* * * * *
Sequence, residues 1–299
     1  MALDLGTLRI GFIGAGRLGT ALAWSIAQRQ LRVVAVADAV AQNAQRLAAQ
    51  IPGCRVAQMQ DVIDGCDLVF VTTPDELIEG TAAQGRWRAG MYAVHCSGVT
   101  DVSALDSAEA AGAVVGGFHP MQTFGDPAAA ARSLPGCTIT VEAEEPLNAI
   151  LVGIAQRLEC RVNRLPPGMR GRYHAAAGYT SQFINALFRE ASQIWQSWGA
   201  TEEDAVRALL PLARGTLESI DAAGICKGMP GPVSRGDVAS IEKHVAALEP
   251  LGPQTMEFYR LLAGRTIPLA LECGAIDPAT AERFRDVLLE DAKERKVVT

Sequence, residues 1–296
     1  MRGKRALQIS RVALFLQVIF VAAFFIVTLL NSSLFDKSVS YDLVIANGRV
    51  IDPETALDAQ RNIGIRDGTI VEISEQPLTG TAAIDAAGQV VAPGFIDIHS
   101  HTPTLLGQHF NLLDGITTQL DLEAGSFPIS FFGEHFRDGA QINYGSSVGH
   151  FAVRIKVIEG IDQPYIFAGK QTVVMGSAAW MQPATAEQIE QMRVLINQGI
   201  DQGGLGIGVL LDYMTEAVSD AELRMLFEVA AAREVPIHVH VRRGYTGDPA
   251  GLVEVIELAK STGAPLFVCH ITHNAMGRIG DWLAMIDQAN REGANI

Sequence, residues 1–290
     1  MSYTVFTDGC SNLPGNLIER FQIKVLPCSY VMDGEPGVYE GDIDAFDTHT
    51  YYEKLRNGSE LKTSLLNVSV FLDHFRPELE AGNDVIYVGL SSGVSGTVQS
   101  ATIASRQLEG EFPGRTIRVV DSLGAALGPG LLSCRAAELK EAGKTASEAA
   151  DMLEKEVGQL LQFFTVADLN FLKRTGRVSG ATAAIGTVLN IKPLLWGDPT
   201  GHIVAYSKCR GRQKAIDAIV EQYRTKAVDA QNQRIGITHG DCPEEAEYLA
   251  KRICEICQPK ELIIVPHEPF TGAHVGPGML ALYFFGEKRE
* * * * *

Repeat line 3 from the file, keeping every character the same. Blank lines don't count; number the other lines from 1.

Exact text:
    51  IPGCRVAQMQ DVIDGCDLVF VTTPDELIEG TAAQGRWRAG MYAVHCSGVT